Further to unblocking repatriation of dividends for 2014 and 2015 last year, on 13 April 2017 the National Bank of Ukraine (the “NBU”) allowed foreign investors to repatriate dividends accrued in 2016. Repatriation of any outstanding dividends for other years will remain prohibited. In order to mitigate a surge in demand for foreign currency, the NBU retained and modified a monthly cap on the amount of dividends allowed for conversion into foreign currency and repatriation. Such cap has been set at the level of USD 5 million (or equivalent of such amount in other currency) per month.
By the same resolution, the NBU allowed Ukrainian banks to make early repayment of their cross-border loans (whether as a prepayment or as a result of acceleration) where:
Finally, with effect from 5 April 2017, the NBU reduced the share of foreign currency proceeds received from abroad and subject to mandatory conversion into Ukrainian hryvnia from 65 per cent to 50 per cent.
With effect from 10 April 2017, the NBU has resolved several long-standing issues in cross-border loan trading by improving a procedure for the registration of cross-border loans with the NBU.
Non-cooperative borrower issues resolved
Previously, currency control rules in Ukraine required that any changes to lenders (e.g., by assignment, transfer or otherwise) be registered with the NBU. In the absence of such registration a borrower was prevented from making payments to a new creditor. Furthermore, in case of a trade by a local bank to a non-resident purchaser, the assignment could not become effective without the NBU registration and, thus, its absence blocked the trade completely. Under previously effective rules, only a Ukrainian borrower was authorised to apply for the registration with the NBU. Therefore, where the borrower was non-cooperative, loan trading became problematic and required additional structuring or launching court proceedings to compel such borrower to apply for the registration.
With effect from 10 April 2017, the NBU has resolved this issue by allowing lenders to apply for registration of loan transfers without engaging the borrower.
In case of a loan transfer between non-resident lenders, both existing lender and the new lender will need to go through the KYC procedures of the Ukrainian bank servicing the relevant loan. Following that, the Ukrainian servicing bank will submit the transaction documents to the NBU and enter the registration information with the NBU’s register.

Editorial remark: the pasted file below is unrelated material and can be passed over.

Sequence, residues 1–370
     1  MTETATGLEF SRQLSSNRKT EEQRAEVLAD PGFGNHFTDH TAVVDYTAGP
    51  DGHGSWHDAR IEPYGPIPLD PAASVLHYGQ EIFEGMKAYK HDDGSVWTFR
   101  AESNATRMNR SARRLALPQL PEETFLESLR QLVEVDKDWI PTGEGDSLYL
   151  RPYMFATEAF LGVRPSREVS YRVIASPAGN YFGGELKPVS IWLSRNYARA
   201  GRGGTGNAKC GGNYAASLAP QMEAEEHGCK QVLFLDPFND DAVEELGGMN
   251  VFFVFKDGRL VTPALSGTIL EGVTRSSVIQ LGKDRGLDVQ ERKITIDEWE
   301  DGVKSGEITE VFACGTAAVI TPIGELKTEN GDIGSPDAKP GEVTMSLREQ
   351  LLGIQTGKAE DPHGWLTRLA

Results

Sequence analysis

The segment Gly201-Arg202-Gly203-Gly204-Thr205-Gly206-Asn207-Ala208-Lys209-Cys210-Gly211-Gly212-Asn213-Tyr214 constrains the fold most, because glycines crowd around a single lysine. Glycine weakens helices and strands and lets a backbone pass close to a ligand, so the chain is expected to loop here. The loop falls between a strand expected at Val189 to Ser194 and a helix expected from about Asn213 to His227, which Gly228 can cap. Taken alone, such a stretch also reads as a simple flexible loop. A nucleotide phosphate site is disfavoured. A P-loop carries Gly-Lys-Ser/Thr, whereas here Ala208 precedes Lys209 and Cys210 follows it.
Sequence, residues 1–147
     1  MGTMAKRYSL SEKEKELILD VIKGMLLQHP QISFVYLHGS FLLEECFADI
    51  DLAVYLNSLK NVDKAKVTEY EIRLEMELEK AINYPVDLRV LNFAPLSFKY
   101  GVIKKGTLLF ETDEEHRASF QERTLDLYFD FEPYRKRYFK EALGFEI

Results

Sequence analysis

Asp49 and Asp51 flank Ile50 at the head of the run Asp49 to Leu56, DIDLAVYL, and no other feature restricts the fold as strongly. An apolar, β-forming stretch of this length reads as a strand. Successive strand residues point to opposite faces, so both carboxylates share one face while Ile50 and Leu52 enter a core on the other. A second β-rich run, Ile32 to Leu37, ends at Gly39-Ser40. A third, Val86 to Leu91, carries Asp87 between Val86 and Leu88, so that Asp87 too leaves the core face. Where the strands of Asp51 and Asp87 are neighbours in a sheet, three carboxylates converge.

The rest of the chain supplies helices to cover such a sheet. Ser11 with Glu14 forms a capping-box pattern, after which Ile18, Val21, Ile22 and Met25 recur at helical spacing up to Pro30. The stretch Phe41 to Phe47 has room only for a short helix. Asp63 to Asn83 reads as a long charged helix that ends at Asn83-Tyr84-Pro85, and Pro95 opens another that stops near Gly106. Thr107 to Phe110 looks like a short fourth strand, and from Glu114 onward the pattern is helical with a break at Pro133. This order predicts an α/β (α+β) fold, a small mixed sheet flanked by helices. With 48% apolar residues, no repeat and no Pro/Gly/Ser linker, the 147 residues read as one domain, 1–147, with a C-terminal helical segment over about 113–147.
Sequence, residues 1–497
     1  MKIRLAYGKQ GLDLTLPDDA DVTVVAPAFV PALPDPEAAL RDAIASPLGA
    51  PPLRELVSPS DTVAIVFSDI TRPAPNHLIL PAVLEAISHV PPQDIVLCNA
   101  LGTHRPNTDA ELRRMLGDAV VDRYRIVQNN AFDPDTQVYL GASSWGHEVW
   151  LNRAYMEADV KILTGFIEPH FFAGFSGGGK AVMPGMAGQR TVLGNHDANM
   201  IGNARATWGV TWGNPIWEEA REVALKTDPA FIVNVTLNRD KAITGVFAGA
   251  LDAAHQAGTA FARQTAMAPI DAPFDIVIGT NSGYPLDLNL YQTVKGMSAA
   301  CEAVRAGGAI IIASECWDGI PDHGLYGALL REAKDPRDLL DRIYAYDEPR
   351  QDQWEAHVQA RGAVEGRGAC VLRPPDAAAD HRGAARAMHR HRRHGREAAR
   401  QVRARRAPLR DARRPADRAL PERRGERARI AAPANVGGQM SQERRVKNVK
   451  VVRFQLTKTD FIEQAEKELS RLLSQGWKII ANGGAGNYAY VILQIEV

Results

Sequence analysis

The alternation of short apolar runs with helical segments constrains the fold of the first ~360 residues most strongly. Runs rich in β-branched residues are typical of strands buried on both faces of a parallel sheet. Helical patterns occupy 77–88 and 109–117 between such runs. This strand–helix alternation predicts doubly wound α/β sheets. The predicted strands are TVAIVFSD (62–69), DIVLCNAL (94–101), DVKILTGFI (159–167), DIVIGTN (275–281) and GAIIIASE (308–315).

In case a local loan is transferred by the Ukrainian bank to a non-resident lender, the Ukrainian bank itself may submit for registration of the loan agreement with the NBU.
The NBU has up to 30 calendar days plus 7 business days to complete its analysis of the documents and confirm or reject registration.
Another issue relevant, in particular, to trades by Ukrainian banks to a non-resident was the agreement interest rate which was usually higher than the maximum interest rate established by the NBU for cross-border loans. The NBU has now established a clear rule for dealing with such cases for the purposes of registration: a foreign lender is able to waive unilaterally an excess of interest rate or other payments over the NBU maximum interest rate.
Non-performing loans issues resolved
Currently, the procedure for the registration of cross-border loans with the NBU does not clearly address the NPL trades. This issue is amplified by the lack of the NBU institutional practice on such trades. Consequently, NPL purchasers have been usually advised that registration process will not be smooth and various uncertainties and delays should be expected.
In this regard, the NBU has resolved the two most evident issues and in particular:
While some other issues experienced in NLP trades still remain unresolved (e.g., it is still unclear how the term of the loan should be calculated for the purposes of determination of the NBU maximum interest rate applicable to payments accrued after the registration with the NBU), the changes introduced by the NBU are definitely a step forward to a better distressed debt investing framework in Ukraine.
On 23 March 2017, the Ukrainian Parliament approved the Draft Law “On Introducing Changes to Certain Legislative Acts of Ukraine on Improving Corporate Governance in Joint Stock Companies”, No. 2302a-д. Along with the establishment of the squeeze-out and sell-out procedures in joint stock companies, the Draft Law also introduces new useful rules on escrow accounts and security over bank accounts.
Escrow is widely used in the other jurisdictions to reduce counterparty risk, and the mechanism of an escrow account is similar to documentary letter of credit. In an escrow arrangement, a bank would open a special account to a client (e.g., purchaser of goods or assets), and would only release the funds from such an account to the beneficiary (e.g., seller) upon presentation of certain documents (for example, evidence of dispatch of the goods by the seller/beneficiary, or registration of title to the assets).